Refugees Flock to Libyan-Tunisian Border

Monday, February 28, 2011

Tunisians working and living in Libya arrive on February 22, 2011 at the Ras Jdir border post (in the background), near the Tunisian city of Ben Guerdane after they fled Libya. (Lionel Bonaventure/AFP/Getty)

It has been called a modern day exodus: Over 100,000 people have fled Libya so far in the wake of the protests and violent retaliation from Col. Moammar Gadhafi’s regime. The majority of the Libyan population lives in Tripoli, which is in the western part of the country. Tens of thousands have now fled to the country's nearest border, to Tunisia, in just the past few days. How will Tunisia — in upheval itself over recent revolution — deal with the influx?

In addition to feeding and housing emigrants in tents and helping Tunisia workers, they also have to coordinate with other countries like Egypt to get their own nationals back home. The UNHCR, the UN’s refugee agency, and other aid groups have begun setting up camps to house the refugees until their evacuations can be arrange. But the 40,000 people gathered there could be just the tip of the iceberg: The International Organisation for Migration estimates that over 1.5 million migrants live and work in Libya.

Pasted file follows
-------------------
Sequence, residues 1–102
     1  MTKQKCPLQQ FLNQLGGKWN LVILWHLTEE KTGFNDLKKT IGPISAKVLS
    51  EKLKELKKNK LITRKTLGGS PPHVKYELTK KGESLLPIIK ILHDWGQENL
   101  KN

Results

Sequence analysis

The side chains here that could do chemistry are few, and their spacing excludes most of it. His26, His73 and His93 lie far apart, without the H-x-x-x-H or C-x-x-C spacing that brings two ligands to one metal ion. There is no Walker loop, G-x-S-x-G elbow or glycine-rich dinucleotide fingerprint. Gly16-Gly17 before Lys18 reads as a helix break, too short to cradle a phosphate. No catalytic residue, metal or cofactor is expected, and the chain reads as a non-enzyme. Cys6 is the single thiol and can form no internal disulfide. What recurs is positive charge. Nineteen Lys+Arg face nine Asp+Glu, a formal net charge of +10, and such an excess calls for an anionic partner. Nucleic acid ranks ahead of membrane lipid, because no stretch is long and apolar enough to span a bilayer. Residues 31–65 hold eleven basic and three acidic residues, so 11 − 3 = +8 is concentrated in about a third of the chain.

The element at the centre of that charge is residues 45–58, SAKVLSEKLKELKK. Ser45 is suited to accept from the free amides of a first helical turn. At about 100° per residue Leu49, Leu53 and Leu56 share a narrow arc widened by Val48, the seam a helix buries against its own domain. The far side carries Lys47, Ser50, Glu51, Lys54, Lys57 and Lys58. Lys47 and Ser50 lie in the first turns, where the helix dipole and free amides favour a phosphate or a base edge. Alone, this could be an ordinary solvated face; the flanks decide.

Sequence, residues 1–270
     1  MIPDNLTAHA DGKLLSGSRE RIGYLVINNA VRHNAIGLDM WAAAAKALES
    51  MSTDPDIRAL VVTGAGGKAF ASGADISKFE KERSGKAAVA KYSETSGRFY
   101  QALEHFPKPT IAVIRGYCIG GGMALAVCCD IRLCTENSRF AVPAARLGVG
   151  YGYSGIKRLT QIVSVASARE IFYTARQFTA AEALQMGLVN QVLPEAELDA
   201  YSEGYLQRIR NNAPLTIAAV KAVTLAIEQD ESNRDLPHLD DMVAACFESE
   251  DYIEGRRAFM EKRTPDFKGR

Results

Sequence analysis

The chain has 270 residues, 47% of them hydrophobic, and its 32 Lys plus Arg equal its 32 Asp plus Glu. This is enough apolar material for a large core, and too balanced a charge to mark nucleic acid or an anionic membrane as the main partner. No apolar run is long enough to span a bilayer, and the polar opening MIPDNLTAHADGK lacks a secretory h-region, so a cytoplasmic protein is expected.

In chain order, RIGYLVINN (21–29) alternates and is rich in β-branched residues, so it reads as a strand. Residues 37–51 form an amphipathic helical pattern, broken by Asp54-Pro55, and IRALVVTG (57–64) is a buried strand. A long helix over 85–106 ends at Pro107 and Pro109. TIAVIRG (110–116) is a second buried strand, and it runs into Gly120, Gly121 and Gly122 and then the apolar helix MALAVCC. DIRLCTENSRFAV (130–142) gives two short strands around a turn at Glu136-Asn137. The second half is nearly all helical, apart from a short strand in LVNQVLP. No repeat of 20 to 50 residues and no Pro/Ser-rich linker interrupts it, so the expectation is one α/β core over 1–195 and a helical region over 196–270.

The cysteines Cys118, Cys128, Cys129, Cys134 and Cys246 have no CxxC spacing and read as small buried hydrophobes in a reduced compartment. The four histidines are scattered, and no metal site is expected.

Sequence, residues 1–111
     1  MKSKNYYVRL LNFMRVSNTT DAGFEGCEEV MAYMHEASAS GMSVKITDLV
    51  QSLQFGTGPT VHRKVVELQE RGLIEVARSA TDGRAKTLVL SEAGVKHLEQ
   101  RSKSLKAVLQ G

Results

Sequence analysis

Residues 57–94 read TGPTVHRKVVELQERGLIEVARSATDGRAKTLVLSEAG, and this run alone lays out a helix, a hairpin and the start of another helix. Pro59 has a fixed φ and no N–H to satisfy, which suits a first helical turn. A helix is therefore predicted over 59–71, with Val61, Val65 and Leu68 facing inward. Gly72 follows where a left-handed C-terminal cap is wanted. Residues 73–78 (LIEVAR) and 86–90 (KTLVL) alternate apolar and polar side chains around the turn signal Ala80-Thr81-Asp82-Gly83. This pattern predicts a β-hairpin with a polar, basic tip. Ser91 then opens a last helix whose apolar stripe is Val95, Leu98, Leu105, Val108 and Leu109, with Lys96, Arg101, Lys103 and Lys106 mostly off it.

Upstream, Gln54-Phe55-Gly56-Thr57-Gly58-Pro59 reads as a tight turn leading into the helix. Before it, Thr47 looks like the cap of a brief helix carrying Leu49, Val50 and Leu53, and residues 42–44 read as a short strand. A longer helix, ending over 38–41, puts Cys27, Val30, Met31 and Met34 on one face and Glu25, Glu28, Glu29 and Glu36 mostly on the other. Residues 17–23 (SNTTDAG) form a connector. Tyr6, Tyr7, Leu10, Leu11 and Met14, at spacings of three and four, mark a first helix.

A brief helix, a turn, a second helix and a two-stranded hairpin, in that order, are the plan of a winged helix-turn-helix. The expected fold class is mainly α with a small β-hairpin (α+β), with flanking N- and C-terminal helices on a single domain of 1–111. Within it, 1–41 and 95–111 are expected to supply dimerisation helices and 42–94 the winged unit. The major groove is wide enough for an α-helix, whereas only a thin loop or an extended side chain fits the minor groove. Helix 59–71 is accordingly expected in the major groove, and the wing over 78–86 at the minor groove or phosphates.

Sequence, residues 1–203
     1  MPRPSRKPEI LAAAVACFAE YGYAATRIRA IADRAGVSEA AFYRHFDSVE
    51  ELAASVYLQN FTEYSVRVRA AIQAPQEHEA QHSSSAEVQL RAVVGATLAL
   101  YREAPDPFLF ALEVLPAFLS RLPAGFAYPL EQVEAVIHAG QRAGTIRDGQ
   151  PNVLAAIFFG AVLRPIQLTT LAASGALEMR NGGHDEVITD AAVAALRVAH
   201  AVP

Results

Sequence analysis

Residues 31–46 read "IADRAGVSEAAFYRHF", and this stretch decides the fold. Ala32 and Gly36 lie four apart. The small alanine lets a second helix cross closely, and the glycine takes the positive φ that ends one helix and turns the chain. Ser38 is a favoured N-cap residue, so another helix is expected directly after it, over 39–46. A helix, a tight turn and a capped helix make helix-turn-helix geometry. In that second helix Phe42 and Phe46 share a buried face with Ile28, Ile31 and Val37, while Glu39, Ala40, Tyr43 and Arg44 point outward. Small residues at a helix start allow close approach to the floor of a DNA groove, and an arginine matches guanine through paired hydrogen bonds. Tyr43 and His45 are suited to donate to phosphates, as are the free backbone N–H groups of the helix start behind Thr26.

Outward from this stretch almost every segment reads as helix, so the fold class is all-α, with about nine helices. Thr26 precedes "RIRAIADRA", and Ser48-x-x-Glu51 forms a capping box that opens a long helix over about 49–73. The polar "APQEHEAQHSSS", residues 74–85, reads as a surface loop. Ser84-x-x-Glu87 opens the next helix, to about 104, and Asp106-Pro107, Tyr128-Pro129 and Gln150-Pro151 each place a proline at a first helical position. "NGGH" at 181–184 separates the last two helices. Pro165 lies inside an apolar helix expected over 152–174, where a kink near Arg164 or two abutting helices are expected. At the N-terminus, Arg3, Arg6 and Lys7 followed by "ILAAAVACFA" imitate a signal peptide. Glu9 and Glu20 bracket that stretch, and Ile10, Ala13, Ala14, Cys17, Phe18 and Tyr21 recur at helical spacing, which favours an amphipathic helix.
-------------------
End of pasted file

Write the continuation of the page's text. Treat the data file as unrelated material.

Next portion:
Joining The Takeaway from the Tunisia-Libyan border is Joe Lowry, spokesperson for the International Federation of Red Cross and Red Crescent Societies, who says that emigrants were packed like sardines into the border area, waiting to get into Tunisia.

We also speak with Sarah Leah Whitson, executive director of Middle East and North Africa Division at Human Rights Watch.


Joe Lowry and Sarah Leah Whitson

Produced by:

Kateri A. Jochum

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